If you’re still a Windows XP user, you’re probably singing a sad song knowing that after 12 long years Microsoft will end its support for the world’s second most popular operating system on April 8, 2014.
Microsoft warns you that if you continue to use its OS first introduced before the iPhone even existed “your computer will still work but it might become more vulnerable to security risks and viruses.” And if that isn’t enough to encourage you to upgrade or get a computer, maybe the fact that “you can expect to encounter greater numbers of apps and devices that do not work with Windows XP” will.
But given the millions of PCs running the OS and the scarce amount of time and resources many people have, some people will certainly be XP users well after its “expiration date.” If you’re going to be one of these daredevils, our Security Advisor Sean Sullivan has some suggestions.
“Folks that continue to use XP at home can do so with some reasonable amount of safety, but they absolutely need to review their Internet and computing habits as April draws near,” he told us. And he broke down 7 ways to avoid the trouble from the criminals who will surely be targeting these unsupported systems.
1) Install an alternative browser — not Internet Explorer.
2) Review the third-party software you’ve installed and uninstall anything that isn’t needed.
3) For the third-party software that you keep – consider disabling or uninstalling the browser plugins. Or at least set the browser to “always ask” what to do about things such as PDF files. (Personally, I always download PDFs to my desktop and open them from there. I don’t want the PDF viewer plugin installed, and I don’t like being in the habit of opening certain file types in my browser’s window.)
4) Have an up-to-date security product with antivirus and firewall installed.
5) Keep your XP computer connected to a NAT router, which will act as a hardware firewall. (Practically speaking, this means you shouldn’t be roaming around outside of your home with an XP computer. Don’t plug into a university network for connectivity – keep your computer at home on a trusted network.)
As you can see, living in the past may not make life easy. But if it’s your only option, you should at least try to stay as safe as possible.
[Image via Patrick Hoesly via Flickr.com]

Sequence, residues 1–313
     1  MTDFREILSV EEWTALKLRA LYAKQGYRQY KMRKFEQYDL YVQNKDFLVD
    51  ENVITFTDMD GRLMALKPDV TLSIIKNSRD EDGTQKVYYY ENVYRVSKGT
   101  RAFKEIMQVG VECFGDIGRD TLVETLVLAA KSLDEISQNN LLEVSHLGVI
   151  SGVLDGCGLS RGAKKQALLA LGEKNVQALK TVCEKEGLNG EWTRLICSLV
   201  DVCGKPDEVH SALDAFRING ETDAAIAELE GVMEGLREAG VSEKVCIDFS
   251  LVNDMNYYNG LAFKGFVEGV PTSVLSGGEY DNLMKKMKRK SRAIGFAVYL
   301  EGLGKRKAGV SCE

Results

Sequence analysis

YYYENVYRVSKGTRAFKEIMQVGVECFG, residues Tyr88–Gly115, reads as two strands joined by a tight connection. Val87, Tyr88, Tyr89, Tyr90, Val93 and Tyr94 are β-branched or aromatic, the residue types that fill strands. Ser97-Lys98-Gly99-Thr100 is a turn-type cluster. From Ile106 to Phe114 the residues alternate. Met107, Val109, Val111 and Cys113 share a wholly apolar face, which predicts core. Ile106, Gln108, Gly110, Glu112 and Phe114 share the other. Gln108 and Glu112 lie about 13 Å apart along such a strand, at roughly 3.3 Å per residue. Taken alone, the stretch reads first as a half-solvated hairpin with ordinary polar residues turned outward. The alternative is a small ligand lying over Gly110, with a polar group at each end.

In response to news that the secret records of more than 22 million Americans have been breached, possibly by attackers from China, you may have heard the loaded term being used to describe the unprecedented attack. "Why are we ignoring a cyber Pearl Harbor?" a conservative columnist asked. F-Secure Security Advisor Sean Sullivan joined other experts in explaining that while the Office of Personnel Management hack was a very big deal, it's hyperbole to call it an act of war. Sean argues that the term cyber war should be limited to cyber weapons that cause actual physical damage. It would have to break the so-called "kinetic barrier". There is no international treaty that defines online rules of engagement but he points to NATO's Tallinn Manual on the International Law Applicable to Cyber Warfare, which attempts to apply existing laws to cyber warfare. Cyber attacks present an even more vexing challenge in attributing the author of an attack than stateless terrorism. But regardless the author, any cyber attacks on a hospital, for instance, would be illegal under existing law. Sullivan sees the OPM hack as more likely to be part of another governmental activity that predates the internet: espionage. "Espionage can be a part of warfare, if you think they’re gathering that information for military defense purposes," he said. "Or it can be counterintelligence." He suggests the OPM hack data could be used to find which Americans are, for instance, not working on diplomatic mission and thus might be intelligence. He notes that former NSA contractor Edward Snowden briefly worked at a U.S. embassy. The lack of a background check in that instance could suggest that he was working as a spy under a false identity. There’s a difference between war and warfare, Sean notes. "It could be China is interested in defensive capabilities," he said. "It’s an aspect of warfare. It’s not war." If it were to transgress to the level of war, the results would be severe. "We can assume that China is a rational actor," Sean said. "It wants world power without wrecking the world economy. Military posturing is more likely." He suggests that the U.S. should be much more concerned about the protection of all of its digital data. “I guarantee you that the IRS’ records are just as vulnerable," he said, suggesting that the one thing that may be keeping taxpayers' records safe is the government's tendency to rely upon dated technology like magnetic tape. And at least some powerful U.S. officials agree that more must be done to secure America's private information. But don't expect them to be satisfied with the same sort of restricted networks the private sector relies upon. A bipartisan coalition of senators are backing new legislation that would give the Homeland Security secretary the authority "to detect intrusions on .gov domains and take steps similar to what the National Security Agency can do with the Pentagon," according to Roll Call. Ah, so more powers for the NSA. Isn't that always the endgame these days when the language of war being tossed around? [Image by U.S. Naval War College | Flickr]